Situated about mid-way between the Chobe River and the Okavango Delta, Savuti is a harsh, arid landscape, only watered by the annual rains. These rains are the lifeblood of the Savute Marsh, which then plays host to herds of zebra, as they migrate from the north.
Stretching from the waterways of the Linyanti all the way to Savute Marsh, the winding waterways of the Savuti Channel pumped life into the western section of Chobe National Park for many thousands of generations. But this fickle and unpredictable channel has a fascinating history of flooding and drying up independently of good rainy seasons and flood levels elsewhere - a mystery that has intrigued geologists and other researchers for many years.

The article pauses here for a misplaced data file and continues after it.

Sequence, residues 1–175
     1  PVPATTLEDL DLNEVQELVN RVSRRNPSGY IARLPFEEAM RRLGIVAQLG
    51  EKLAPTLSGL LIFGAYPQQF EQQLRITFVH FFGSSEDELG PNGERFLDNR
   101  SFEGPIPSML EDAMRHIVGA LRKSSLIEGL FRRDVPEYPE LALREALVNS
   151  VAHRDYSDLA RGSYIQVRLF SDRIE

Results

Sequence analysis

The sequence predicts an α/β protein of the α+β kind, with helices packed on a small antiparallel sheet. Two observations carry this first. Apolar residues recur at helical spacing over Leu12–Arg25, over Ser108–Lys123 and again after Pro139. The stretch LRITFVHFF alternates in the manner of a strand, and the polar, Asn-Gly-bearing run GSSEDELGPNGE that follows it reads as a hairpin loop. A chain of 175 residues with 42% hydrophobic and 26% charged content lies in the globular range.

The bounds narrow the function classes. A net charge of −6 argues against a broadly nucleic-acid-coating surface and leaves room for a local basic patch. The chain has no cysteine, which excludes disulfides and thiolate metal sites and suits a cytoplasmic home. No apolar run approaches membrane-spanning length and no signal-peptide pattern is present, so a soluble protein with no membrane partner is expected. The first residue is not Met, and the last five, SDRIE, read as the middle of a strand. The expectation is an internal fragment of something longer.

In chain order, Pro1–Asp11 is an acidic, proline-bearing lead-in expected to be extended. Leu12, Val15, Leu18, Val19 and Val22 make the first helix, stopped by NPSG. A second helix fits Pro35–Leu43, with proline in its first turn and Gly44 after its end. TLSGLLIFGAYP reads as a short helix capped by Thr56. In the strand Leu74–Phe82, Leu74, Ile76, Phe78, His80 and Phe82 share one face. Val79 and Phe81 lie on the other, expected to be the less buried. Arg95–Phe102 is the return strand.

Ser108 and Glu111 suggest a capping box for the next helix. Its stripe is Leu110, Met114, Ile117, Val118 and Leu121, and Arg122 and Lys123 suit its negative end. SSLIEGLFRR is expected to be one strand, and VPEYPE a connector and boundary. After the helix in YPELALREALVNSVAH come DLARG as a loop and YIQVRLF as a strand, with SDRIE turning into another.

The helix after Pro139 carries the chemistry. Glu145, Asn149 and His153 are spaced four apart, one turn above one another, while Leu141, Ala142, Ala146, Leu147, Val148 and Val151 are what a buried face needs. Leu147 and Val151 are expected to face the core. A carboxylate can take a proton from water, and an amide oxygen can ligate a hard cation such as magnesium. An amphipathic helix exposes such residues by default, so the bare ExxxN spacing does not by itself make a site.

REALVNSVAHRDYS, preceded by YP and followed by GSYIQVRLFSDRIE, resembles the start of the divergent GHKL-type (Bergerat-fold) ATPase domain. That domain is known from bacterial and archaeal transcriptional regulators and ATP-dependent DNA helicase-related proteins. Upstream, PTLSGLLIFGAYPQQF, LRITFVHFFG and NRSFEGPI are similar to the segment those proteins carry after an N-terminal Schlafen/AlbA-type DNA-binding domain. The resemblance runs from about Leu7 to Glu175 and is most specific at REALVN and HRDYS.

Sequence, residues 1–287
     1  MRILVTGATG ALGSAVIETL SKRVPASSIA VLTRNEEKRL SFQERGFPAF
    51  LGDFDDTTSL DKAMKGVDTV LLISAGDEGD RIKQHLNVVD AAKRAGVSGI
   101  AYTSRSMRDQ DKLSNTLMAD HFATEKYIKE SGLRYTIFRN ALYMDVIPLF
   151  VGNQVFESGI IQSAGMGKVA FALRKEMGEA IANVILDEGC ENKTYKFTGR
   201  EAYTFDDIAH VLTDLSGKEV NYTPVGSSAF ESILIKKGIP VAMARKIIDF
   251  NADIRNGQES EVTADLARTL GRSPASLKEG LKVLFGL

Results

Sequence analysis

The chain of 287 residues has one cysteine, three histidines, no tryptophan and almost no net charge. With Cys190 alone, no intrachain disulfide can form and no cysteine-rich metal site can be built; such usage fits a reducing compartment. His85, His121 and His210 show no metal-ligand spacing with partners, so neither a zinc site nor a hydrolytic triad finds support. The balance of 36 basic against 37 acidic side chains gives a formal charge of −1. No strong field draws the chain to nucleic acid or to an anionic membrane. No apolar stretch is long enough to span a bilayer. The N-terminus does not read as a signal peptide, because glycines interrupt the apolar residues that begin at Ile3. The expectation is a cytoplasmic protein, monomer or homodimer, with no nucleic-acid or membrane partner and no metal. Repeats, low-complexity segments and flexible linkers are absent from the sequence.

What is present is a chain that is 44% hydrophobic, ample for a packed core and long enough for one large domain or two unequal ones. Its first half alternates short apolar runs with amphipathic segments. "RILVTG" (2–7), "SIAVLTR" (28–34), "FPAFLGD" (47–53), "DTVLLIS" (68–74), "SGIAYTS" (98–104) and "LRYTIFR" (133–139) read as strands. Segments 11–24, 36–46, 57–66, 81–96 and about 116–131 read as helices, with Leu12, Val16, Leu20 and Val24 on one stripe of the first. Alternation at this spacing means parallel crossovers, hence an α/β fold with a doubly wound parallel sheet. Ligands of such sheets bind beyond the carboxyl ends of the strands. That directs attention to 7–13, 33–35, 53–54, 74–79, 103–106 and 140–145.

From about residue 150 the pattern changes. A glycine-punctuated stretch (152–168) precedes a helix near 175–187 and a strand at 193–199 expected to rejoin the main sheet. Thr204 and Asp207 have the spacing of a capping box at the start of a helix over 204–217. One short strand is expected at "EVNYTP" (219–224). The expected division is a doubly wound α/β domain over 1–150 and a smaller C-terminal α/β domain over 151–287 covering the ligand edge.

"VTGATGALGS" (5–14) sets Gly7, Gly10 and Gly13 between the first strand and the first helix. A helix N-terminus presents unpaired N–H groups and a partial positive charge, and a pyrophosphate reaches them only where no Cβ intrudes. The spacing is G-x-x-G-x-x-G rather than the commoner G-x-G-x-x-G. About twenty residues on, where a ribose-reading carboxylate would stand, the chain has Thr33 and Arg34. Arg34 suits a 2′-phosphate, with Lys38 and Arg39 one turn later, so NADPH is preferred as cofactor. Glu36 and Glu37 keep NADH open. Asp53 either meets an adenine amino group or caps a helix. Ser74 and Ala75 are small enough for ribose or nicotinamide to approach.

When David Livingstone discovered the Savute Channel in 1851 it was flowing. Thirty years later the channel had disappeared and the Savute Marsh had dried out, remaining this way for almost 80 years. It flowed again in the late 1950s, continuing until the early 1980s when it again receded, gaining the channel its reputation as ‘the river which flows in both directions.’
In 2009, after another extended hiatus, the channel began flowing again and by January 2010 had spilled into the Savute Marsh for the first time in three decades. Only to dry up again a few years later!
Savute has long been spoken of in awe by safari enthusiasts due to its wild reputation, and fierce concentration of predators.
Highlights of Savuti include: